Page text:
Robert Miles: It’s been rumored that when Warren makes an acquisition, he doesn’t visit. Some people think that he doesn’t do his due diligence because he doesn’t visit. What’s your take on … Is it true that he did not visit you before he acquired you?

Kevin Clayton: That’s exactly right. We sold the company. Of course my father being the chairman, having built this company, sold the company without ever talking to Warren or certainly Warren ever visiting us, we were fortunate enough to have him come afterwards. What a great experience that was. He’s so intelligent that it doesn’t take him long to do due diligence. He literally stays current, I think, with most companies out there in most industries. With all the contacts he has, he sized up our industry very quickly.

Robert Miles: How long did it take you to realize how much of a knowledge base Warren had about your particular industry?

Kevin Clayton: Instantly. I’ve never been around anybody that … For instance, he sized up our industry problems that you could write a book about easily, he sized it all up in one sentence. He says, Kevin, it seems like the problem with your industry is resale. Every part of our problem at that time in the industry stems right back to that. We’re doing a lot of things to address that now.

Robert Miles: Then on the time you sold the business, you had about $100 million in earnings and now about five times that?

Kevin Clayton: That’s right. We had definitely a triple back in I think '98 was our most profitable. We were 200 plus pre-tax and we looked to zero in on 500, north of 500 this year.

Robert Miles: Wow. Congratulations.

Kevin Clayton: Well thank you. Of course, Warren has invested billions of dollars in our company since he spent $1.7 billion. I take great pride in telling that story because here’s a company paid $1.7 billion for and within 12 months, he was investing north of $2-3 billion annually. Since the purchase, it’s north of $7 billion. The confidence and faith he has in our team and the faith he has in this industry is so obvious from that.

Robert Miles: Warren likes to say that he requires no meetings of you as a CEO. He requires no budgets. What is his standing order to you? What does he want you to do?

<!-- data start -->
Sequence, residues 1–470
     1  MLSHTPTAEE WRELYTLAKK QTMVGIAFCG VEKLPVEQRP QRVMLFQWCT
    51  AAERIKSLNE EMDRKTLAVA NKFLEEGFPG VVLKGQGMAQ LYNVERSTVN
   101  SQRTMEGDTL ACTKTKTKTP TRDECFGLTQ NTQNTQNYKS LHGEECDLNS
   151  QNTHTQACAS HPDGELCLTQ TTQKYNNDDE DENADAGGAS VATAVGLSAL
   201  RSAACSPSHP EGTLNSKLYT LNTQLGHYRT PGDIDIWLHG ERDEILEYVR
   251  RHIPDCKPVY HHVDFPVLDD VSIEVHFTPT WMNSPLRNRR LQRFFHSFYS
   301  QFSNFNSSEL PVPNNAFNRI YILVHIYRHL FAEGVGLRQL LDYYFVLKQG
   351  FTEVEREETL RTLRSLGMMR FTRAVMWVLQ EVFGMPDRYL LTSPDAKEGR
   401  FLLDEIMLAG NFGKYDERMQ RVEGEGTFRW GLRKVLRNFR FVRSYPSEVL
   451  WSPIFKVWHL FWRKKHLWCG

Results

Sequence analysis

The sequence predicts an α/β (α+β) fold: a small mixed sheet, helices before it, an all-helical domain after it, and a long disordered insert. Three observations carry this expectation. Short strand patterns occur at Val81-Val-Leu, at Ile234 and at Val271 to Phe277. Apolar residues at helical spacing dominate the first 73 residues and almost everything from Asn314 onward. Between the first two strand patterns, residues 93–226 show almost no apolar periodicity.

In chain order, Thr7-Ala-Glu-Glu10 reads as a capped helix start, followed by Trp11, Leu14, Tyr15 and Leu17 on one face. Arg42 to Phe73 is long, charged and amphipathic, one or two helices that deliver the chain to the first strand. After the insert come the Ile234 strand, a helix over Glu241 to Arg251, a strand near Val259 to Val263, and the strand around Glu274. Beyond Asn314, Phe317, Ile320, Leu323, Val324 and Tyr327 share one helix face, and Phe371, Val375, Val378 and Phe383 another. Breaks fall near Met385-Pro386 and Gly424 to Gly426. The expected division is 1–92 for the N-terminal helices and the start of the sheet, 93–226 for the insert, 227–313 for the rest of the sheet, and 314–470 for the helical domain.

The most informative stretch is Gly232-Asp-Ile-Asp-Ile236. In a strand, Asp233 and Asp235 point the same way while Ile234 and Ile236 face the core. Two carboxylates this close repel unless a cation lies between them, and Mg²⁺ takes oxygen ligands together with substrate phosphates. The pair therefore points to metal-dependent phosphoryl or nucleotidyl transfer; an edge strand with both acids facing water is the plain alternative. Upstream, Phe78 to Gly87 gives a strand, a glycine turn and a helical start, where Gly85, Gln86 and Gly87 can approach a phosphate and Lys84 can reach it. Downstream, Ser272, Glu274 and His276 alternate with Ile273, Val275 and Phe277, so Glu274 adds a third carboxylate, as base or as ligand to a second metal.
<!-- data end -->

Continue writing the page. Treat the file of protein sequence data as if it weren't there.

Kevin Clayton: Everything you just said is exactly true.

Robert Miles: No meetings?

Kevin Clayton: No. Once a year there’s an optional invitation. I was fortunate enough to get invited to come and actually be around the board at a recent board meeting. That just even gelled my thinking. The culture of Warren and what’s he’s created, I think, will go on a long, long time after Warren as well. Everything’s optional, and there’s nothing mandated whatsoever.

Robert Miles: You send financials monthly to headquarters.

Kevin Clayton: Correct.

Robert Miles: You call Warren whenever you would like to, but does he ever call you?
Kevin Clayton: Occasionally. It’s something he’s heard or has an inquiry about. There’s never directing the business.

Robert Miles: Warren doesn’t like to talk about synergy, but what have been some of the Warren Buffett effects or the Berkshire Hathaway effects of joining a large conglomerate?

Kevin Clayton: People find it hard to believe that we’re not mandated to buy Johns Manville insulation for our homes, MiTek gang nails, Shaw carpet. The list goes on and on. We’re not whatsoever. Circling back to what I said earlier, not making one of our businesses prop up another one, it’s the same philosophy. If we’re mandated to start buying those materials, they could not be as competitive as we could get on our own. Really, management would lose some accountability if Warren is dictating these things down. I think he’s very, very wise in the way that he does things.

Robert Miles: How would you manage the other CEOs?

Kevin Clayton: The same that Warren does, understanding that philosophy of there’s certain obviously … He says the right thing. It’s reputation, protect the company and the entities that we have, be as competitive as you possibly can be. Deepen and widen that moat every day, but not dictating down to managers how to accomplish the results that they need to because I genuinely believe they start losing accountability when you do that. It is real clear that if I mess this company up, if it gets messed up, it’s clearly my doing and not his.

Members can access the Full Transcript HERE.


I loved the story in the beginning when Warren Buffett called to talk to Kevin’s father, the founder of the company, and his father let Kevin talk to Buffett because Kevin was operating the business by that time. That simple gesture shows the honor and integrity of the family Buffett wanted to buy into.